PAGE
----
There has been no shortage of encouraging numbers in recent housing data. New home sales rose 14.8% in April. Existing home sales were up 7.6%. And pending home sales? They were up 6%. Meanwhile housing starts gained 5.8%. And that’s enough of the good news.
The tax credit has expired, so we’re back to reality. And the reality is that the government can’t use tax credits to buy prosperity in the housing market. Not when a record number of foreclosures are waiting around the corner. The little glimmer of hope we saw is about to be overtaken by the grim fact that the housing market is too fundamentally weak to stand on its own.
And homebuilders see the writing on the wall. Yes, housing starts were up 5.8%. But at the same time, housing permits fell 11.5%. And yes, pending home sales rose 6%… but mortgage applications fell 4.1% last week alone. And the unintended consequence of the tax credit: it brought more home sellers to the market… the inventory of unsold homes rose 11.4% in April. Springtime is officially over in the housing market.
And looking ahead, foreclosures will climb. The National Association of Realtors estimates a record 1.1 million foreclosures this year.
Now we have to give credit where credit is due. The tax credit brought an estimated 1 million buyers to the housing market…which no doubt stemmed a lot of foreclosures. So the future could have looked a lot cloudier.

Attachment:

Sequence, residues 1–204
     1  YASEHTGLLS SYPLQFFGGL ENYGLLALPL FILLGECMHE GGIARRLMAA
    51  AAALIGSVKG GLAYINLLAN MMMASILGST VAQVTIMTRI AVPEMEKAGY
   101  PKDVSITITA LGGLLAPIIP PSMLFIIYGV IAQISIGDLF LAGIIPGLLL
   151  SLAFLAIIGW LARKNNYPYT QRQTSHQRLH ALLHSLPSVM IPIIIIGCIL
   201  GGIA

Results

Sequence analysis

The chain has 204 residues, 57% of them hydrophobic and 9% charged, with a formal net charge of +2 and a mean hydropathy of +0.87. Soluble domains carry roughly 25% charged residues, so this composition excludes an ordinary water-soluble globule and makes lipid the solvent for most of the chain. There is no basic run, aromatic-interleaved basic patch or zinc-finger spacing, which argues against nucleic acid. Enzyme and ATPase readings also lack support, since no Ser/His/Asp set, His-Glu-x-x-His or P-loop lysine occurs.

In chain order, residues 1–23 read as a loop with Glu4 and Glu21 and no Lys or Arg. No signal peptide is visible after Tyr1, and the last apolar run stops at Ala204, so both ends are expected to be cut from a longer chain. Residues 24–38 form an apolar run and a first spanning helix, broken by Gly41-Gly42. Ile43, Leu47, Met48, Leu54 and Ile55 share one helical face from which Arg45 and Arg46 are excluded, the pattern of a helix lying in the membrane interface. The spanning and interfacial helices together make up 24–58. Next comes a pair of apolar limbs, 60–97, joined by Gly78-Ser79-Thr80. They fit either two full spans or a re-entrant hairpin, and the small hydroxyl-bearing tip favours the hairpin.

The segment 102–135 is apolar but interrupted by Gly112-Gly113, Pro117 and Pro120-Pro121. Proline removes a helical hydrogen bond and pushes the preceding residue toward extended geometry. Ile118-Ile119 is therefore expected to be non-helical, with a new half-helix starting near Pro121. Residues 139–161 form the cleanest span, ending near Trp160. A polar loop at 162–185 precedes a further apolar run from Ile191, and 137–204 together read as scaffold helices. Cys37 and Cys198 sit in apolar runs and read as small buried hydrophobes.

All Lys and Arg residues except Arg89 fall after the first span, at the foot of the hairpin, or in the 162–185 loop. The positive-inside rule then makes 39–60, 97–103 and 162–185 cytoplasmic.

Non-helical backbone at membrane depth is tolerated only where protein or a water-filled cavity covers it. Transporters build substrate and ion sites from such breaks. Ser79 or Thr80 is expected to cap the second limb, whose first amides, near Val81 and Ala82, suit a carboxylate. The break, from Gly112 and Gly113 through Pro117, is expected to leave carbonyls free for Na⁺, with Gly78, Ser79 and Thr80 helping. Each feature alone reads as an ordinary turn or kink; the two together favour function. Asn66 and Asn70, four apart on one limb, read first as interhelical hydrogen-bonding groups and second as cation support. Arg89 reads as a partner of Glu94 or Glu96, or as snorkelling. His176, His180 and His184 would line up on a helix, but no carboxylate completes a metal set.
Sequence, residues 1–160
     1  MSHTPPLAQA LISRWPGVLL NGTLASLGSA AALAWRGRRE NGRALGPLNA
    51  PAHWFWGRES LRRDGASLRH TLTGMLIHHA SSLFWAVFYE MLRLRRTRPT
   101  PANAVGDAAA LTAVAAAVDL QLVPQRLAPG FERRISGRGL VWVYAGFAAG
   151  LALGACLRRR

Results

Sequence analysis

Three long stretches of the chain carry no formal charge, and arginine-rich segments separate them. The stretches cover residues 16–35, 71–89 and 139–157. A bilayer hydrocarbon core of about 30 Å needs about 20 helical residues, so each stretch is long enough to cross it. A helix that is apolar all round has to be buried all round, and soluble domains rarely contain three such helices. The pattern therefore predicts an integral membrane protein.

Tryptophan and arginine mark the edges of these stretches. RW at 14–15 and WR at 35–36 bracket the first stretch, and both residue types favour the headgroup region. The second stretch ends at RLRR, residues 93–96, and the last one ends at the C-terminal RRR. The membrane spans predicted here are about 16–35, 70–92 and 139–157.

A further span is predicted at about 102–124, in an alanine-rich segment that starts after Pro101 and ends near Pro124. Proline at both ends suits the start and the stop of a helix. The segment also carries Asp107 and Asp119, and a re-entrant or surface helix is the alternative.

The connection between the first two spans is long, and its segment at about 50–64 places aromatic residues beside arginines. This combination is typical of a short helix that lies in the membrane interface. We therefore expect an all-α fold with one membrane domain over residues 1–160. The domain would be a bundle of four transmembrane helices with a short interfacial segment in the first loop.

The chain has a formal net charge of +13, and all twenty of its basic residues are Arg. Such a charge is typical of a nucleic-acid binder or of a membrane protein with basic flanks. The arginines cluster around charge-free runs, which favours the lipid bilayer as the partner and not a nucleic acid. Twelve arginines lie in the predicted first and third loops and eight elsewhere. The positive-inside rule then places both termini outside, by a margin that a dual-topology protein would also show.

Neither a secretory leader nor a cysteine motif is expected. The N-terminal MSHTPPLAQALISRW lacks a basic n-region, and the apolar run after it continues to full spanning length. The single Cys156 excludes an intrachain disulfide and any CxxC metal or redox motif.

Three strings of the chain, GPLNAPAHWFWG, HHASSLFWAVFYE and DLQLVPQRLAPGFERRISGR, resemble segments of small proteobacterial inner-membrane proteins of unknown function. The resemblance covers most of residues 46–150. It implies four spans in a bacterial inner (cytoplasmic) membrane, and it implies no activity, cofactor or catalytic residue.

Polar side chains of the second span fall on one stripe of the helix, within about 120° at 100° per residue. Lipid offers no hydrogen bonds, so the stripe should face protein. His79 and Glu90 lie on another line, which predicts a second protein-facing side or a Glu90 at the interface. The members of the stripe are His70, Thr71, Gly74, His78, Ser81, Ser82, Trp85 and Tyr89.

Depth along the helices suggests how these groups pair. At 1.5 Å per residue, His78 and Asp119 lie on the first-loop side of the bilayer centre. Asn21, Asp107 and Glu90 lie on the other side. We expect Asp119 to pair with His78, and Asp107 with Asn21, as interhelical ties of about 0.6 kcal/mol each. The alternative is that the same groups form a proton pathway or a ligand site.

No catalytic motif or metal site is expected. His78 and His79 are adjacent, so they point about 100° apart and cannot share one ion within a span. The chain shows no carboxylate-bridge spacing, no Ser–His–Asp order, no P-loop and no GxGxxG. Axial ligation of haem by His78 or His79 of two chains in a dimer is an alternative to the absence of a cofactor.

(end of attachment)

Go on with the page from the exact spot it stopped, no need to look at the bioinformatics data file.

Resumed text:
But at the end of the day, sentiment about the housing market is bleak. Strategic defaults continue to climb. Homeowners have reached a point of indifference…that is even worse than anxiety. And there is such a backlog of properties in default that those homeowners will sit expense free in their homes for easily a year before foreclosure proceedings are completed.
Now, don’t be surprised if we see sustained strength in some of the housing data for the next couple of months. It’s no reason for confidence, though. The government’s tax credit required a contract by April 30, and a closing by June 30. Because existing home sales are counted at the time of closing, this data will have a steady run through the June reading. But after that, expect a precipitous drop.
The bottom line: the tax credit may have only succeeded in affecting “the timing, not the total, of home purchases”, according to Barron’s.
And in the midst of all this misfortune, some are still surprisingly upbeat. Toll Brothers (the largest luxury home builder in the country) increased their land holdings for the first time in four years, according to Bloomberg. And Chairman Robert Toll is optimistic, “The past few months’ activity has been driven by an increase in confidence among our buyers”. That may be the case, but, none the less, the company is not immune to the perils of the housing market. They are sitting on $3 billion in inventory, and that inventory will pose a challenge, particularly since volume this year is expected to be just 30% of that of 2005, according to Morningstar analyst Eric Landry.
But it’s not just Toll Brothers. Now is not the time to buy into any housing stocks. As the lingering effects of the stimulus fades, and the glut of foreclosures rises to the surface, we will find another housing low soon enough. Just wait.
Disclosure: No positions
Article written by Brian Rezny
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